The contrast between the two locales couldn't be greater. From a land rich in history, art, and architecture, they move to a featureless land, living in a succession of featureless houses (there must be some kind of autobiographical compulsion on the part of Malick to show us so many subjective, below-eye-level shots of living rooms, dining rooms, bedrooms), in a featureless life. With nothing outward, there is nowhere to look but inward. And this triggers something in Marina. She and her daughter return to Paris while Neil takes up with a woman he knew when he was much younger, Jane (Rachel McAdams).
And here we have another contrast. Whereas Marina is full of life of life, energy, and movement (she is in a near-constant state of playful dancing, twirling, or jumping) and has a loving, giggling relationship with her daughter, Jane has a painful past with a ne'er-do-well husband and dead daughter. Jane reads the Bible, looks down at the ground, and feels mopey, heavy, inert. It is ironic that visually (on a symbolic level), the darker woman is light and the fair woman is somber.
But Neil cannot commit to Jane either and they end badly. Meanwhile in Paris, Marina has seen her daughter return to live with her ex-husband. She cannot find a job. She misses Oklahoma. So she returns and she and Neil get back together, marrying. But this too soon turns sour.
Through this all, Father Quintana the town priest in Oklahoma (Javier Bardem) counsels not only the impoverished residents of this farming town, the prisoners, the homeless, but Neil and Marina. He seems to be a man busy in the community, but we often see him wandering, lost, unsure, without personal purpose or direction. We hear his inner thoughts talking to the God he cannot see or touch or hear or experience directly. We are allowed in to his crisis of faith. And just like "The Tree of Life," this contemplation of religion is actually an anti-religious statement. Malick does not give Father Quintana or us comfort, or a sign of divine presence.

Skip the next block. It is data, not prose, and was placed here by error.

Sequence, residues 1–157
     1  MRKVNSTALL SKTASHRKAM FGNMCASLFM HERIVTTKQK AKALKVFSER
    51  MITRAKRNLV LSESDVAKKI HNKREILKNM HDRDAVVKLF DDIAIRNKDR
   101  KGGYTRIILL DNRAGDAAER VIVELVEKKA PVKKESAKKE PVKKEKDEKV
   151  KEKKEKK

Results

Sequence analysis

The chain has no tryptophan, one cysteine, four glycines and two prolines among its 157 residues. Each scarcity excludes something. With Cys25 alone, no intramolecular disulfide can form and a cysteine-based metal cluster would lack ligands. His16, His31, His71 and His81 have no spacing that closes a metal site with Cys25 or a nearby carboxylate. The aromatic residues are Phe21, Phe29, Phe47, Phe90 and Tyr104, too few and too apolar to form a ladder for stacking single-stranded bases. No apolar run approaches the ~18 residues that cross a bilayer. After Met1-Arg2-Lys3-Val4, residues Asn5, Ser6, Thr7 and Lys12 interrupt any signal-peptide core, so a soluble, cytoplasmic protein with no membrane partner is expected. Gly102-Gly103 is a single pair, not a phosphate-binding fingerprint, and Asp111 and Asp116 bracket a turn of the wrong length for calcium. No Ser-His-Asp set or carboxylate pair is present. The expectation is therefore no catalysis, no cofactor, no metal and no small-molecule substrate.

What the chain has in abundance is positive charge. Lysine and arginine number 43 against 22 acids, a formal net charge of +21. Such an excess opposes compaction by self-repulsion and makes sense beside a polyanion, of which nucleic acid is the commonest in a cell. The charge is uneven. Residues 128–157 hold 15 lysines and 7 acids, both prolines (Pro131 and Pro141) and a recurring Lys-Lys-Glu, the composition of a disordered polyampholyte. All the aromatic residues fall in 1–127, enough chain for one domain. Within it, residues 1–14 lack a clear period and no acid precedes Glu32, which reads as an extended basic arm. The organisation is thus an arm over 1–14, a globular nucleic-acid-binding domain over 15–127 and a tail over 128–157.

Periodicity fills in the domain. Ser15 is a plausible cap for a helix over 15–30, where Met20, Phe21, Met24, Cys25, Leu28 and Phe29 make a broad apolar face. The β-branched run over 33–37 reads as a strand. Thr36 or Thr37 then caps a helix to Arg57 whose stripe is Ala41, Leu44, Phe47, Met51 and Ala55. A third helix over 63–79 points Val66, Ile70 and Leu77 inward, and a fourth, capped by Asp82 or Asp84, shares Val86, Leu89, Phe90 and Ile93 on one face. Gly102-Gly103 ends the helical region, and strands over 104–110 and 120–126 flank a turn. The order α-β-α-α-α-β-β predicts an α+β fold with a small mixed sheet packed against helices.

While I was watching this film, I felt Neil was a cold, selfish man, unable to commit. But then with more time, I felt my perception of him shift. He is not a bad man. And Marina is not all good. And Jane is a contradiction as well. All our characters are trying their best, trying to get somewhere, trying to reach for something. But 1) Neil is not at ease in his relationships, 2) Jane yearns for a kind of stability yet life for her is stagnant, and 3) and 4) Father Quintana and Marina are the ones who, above the others, want something even more, something more than this world can offer. Like all of Malick's films, this may be about certain people in a certain place at a certain time, but ultimately, it is about matters that are metaphysical. And I mean that in the literal sense: things that are beyond the physical. Everyone has a yearning within them. It is the theme of existence itself. There is no divine presence, just an endless succession of here and now and each other, or as Marina puts it in one of her inner monologues, "an avalanche of tenderness."
Like I have said, the vehicle of this story is the film itself--the visuals--and Malick is known for capturing absolutely ravishing scenes like Mont St. Michel in fog or a herd of somnolent bison in tall grass. For "To The Wonder," he and his cinematographer Emmanuel Lubezki (who also lensed "The Tree of Life") startlingly used all natural light to oftentimes breathtaking effect. Sunlight filtered through trees, the golden light of the setting sun across a plain, light reflecting through con trails in the sky...in addition to the themes I have spoken of, this film is about light. And in a way, perhaps light stands in for the thing that seems to be beyond everyone's reach, the thing none of the characters can actually grasp and hold and keep.
Recommend? Oh. Yes.